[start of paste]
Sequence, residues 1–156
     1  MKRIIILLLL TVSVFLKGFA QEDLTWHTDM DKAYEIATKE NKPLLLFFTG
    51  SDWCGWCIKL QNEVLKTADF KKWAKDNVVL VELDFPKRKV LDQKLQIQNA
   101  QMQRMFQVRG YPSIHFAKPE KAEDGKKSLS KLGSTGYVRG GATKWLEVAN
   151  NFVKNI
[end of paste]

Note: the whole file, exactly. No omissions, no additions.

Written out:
Sequence, residues 1–156
     1  MKRIIILLLL TVSVFLKGFA QEDLTWHTDM DKAYEIATKE NKPLLLFFTG
    51  SDWCGWCIKL QNEVLKTADF KKWAKDNVVL VELDFPKRKV LDQKLQIQNA
   101  QMQRMFQVRG YPSIHFAKPE KAEDGKKSLS KLGSTGYVRG GATKWLEVAN
   151  NFVKNI